Sunday, June 27, 2010

Rain Delay, Take Two

I had it all figured out. I bought excellent seats to see the Mets play competitive teams; the Phillies on May 27, the Tigers on June 22 (and the Reds on July 7). Good seats, good teams, and I hoped three interesting posts between Melvin's and my April and July road trips. However, the plan didn't go according to, and I ended up watching the Phillies and Tigers games on television in a bar.

I missed a couple of great games, although both were delayed by rain. The Mets shut out Philadelphia as they did the two previous nights. It was the first series shut-out since Tom Seaver, Jerry Koosman and Nolan Ryan did so for the Miracle Mets of 1969. (A mosaic of Seaver adorns one of the three VIP entrances to Citi Field.) The team picked up three full games against the first place Phils and since they took two out of three in the previous series against the Yankees, went 5-1 against the 2009 league champions.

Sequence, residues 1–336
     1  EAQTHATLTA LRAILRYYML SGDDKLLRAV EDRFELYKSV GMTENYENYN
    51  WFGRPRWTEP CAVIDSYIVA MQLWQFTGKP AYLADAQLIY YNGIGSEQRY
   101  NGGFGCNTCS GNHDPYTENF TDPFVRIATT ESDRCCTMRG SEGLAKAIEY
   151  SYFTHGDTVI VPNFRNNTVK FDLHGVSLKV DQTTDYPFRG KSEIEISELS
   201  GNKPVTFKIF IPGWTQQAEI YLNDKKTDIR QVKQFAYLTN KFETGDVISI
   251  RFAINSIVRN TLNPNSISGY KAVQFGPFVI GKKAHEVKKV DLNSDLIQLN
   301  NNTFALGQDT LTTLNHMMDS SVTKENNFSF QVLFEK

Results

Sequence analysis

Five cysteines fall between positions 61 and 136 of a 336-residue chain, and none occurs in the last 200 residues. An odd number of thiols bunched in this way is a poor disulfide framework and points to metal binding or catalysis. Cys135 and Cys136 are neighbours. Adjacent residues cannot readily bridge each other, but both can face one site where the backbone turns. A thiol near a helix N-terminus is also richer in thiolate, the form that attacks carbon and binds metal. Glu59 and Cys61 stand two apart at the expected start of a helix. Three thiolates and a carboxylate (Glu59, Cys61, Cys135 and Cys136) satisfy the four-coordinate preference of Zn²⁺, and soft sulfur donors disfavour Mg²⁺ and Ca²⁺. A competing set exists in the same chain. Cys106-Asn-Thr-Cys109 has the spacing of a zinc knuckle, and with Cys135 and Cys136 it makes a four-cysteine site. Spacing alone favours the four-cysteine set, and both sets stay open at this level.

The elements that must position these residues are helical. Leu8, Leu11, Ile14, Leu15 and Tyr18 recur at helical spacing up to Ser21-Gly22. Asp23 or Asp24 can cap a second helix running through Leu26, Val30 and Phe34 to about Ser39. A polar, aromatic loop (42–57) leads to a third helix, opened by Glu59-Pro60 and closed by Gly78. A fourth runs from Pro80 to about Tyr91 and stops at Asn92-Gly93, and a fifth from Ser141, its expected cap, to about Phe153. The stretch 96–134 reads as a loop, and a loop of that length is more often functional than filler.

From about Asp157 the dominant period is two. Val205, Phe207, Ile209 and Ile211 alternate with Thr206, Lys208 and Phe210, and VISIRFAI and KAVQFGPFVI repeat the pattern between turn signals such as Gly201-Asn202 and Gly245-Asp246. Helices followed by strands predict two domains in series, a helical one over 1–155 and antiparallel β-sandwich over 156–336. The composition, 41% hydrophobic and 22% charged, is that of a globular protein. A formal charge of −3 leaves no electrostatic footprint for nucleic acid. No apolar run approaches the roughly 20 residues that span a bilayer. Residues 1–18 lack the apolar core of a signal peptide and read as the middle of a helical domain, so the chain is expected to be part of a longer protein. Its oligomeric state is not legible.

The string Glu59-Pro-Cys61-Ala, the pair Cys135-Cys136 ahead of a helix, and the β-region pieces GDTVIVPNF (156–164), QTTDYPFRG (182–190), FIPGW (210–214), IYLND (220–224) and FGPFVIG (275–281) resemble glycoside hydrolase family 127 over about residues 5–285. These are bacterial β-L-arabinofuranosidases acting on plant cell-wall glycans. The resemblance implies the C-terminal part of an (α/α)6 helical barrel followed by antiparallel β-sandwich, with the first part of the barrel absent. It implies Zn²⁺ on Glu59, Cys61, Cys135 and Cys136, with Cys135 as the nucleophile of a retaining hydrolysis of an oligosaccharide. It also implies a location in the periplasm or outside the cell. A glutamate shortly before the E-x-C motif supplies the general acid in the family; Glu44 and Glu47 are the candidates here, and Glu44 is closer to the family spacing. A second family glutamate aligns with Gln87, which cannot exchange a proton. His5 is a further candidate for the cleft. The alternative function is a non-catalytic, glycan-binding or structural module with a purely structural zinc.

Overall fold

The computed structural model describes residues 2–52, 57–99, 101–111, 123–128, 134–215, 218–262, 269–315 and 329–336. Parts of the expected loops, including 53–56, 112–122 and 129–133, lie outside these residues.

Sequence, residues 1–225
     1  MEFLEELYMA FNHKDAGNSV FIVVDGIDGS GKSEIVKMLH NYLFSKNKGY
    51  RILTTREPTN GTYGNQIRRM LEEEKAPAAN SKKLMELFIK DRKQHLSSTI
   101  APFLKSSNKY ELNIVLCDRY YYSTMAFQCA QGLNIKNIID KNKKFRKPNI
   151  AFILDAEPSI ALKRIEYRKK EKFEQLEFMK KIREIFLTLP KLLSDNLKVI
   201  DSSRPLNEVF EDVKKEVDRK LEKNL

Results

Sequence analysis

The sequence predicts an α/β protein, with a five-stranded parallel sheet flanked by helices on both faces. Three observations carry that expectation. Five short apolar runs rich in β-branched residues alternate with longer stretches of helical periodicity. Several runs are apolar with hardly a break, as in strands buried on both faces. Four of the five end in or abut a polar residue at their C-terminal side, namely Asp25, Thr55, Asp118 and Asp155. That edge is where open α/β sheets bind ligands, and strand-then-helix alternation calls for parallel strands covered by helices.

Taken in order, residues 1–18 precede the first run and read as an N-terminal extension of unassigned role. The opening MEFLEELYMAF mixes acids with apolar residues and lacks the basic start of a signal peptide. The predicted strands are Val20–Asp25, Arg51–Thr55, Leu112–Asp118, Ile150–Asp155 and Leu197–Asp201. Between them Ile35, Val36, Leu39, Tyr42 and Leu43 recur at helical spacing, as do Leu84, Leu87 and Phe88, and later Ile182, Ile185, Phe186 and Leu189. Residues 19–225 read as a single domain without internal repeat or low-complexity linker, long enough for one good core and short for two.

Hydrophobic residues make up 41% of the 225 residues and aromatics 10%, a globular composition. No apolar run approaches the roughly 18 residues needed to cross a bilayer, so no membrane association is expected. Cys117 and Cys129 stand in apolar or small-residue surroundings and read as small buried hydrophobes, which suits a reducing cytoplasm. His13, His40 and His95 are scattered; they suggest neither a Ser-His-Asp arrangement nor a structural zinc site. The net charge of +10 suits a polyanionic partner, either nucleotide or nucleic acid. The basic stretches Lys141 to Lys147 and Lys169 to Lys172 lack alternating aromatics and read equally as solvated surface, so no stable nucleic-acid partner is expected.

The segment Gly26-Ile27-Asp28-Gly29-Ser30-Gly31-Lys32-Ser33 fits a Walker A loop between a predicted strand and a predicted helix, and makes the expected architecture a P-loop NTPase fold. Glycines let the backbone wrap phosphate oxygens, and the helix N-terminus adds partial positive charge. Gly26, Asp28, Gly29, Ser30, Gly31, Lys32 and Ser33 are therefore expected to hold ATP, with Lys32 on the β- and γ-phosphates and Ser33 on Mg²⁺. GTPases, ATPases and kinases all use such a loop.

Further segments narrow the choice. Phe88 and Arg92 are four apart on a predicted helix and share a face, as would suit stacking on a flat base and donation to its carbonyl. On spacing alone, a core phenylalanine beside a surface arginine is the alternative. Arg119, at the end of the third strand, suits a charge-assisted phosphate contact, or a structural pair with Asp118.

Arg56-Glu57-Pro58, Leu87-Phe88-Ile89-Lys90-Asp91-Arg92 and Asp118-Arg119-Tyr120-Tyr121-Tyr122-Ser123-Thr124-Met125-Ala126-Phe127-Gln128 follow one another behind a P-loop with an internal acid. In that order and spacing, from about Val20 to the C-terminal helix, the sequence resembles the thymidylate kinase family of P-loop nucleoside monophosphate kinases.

The Mets scored 14 runs in the game against the Tigers, their highest offensive output in two years. The top of the line-up--SS Jose Reyes, CF Angel Pagan, 3B David Wright, 1B Ike Davis and LF Jason Bay--went a combined 14 for 23 (.609), collecting 12 of the RBI. The Mets would go on to win the series, losing no ground to the Braves, who had replaced the Phillies at the top of the National League East.

The Mets held up their end of my beautiful plan, playing two games I could blog about enthusiastically. Melvin and I have each reported on games we were present for but didn't watch closely. Neither of us have written yet about games we didn't see in person. On top of my disappointment in missing two exciting games was my unrequited desire to write about them.

I crafted (and posted for a day) "'Rain Delay,' a script proposal." Written in an abstracted third-person as a film treatment, it told the story of a Middle-Aged Man (your narrator), His Much Younger Male Friend, His Much Younger Female Friend, The Mets and The Weather; the principal characters who played their parts in the two rain-delayed games I missed. "Byways" usually refers to the geography Melvin and I travel on the way to games, but there are emotional byways as well. Cue Beth Orton; "I wish I never saw the sunshine, and if I never saw the sunshine baby, then maybe, I wouldn't mind the rain."

Wednesday, June 9, 2010

Glanville Comes Alive